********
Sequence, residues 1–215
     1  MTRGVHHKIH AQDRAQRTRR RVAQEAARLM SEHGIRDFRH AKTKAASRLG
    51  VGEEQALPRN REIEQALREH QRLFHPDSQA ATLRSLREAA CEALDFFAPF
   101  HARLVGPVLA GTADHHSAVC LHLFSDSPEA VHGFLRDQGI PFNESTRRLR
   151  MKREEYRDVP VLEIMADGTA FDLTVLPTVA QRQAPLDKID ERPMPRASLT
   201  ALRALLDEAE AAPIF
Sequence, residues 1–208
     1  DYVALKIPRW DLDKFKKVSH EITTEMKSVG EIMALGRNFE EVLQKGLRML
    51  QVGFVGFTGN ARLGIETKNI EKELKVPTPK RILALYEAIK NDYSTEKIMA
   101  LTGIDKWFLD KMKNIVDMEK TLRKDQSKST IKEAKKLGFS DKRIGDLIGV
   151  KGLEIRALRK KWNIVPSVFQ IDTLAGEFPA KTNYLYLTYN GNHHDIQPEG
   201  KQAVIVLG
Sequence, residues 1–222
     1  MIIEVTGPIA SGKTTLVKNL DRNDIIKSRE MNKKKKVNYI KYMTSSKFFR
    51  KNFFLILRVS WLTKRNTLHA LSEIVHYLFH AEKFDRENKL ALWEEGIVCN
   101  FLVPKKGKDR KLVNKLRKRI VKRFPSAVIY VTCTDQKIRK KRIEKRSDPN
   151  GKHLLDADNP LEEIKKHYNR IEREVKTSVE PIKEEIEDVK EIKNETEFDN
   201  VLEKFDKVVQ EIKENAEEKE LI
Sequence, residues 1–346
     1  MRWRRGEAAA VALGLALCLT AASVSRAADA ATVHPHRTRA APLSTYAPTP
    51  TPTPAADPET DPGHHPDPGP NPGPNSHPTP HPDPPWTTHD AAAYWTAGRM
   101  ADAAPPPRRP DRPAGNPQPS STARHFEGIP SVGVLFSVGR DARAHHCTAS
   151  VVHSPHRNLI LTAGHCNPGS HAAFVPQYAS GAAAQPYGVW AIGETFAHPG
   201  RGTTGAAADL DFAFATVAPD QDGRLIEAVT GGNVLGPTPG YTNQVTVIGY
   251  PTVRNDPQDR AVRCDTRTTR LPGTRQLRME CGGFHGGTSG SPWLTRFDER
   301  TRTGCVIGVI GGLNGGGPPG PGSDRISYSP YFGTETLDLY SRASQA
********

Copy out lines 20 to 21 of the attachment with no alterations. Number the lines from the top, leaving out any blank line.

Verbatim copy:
     1  MRWRRGEAAA VALGLALCLT AASVSRAADA ATVHPHRTRA APLSTYAPTP
    51  TPTPAADPET DPGHHPDPGP NPGPNSHPTP HPDPPWTTHD AAAYWTAGRM